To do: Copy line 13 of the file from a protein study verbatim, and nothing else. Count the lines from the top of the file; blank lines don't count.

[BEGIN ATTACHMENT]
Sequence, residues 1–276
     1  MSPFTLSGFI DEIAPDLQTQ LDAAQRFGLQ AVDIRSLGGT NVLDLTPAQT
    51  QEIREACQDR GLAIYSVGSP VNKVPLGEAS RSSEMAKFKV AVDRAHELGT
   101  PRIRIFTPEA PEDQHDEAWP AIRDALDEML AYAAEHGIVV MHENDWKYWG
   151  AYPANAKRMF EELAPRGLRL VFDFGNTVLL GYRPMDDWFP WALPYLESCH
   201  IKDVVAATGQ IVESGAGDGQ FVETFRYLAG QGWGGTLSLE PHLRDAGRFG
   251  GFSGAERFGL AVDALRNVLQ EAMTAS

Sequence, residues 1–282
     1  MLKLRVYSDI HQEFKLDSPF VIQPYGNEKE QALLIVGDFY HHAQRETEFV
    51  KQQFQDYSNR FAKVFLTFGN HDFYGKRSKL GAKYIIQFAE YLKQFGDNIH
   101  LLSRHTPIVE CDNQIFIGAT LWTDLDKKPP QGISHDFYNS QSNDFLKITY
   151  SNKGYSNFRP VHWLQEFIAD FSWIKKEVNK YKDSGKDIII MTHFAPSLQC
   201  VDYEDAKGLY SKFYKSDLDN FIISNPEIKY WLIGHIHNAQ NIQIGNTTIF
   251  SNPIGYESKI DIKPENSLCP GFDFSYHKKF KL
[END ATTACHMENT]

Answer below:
   201  VDYEDAKGLY SKFYKSDLDN FIISNPEIKY WLIGHIHNAQ NIQIGNTTIF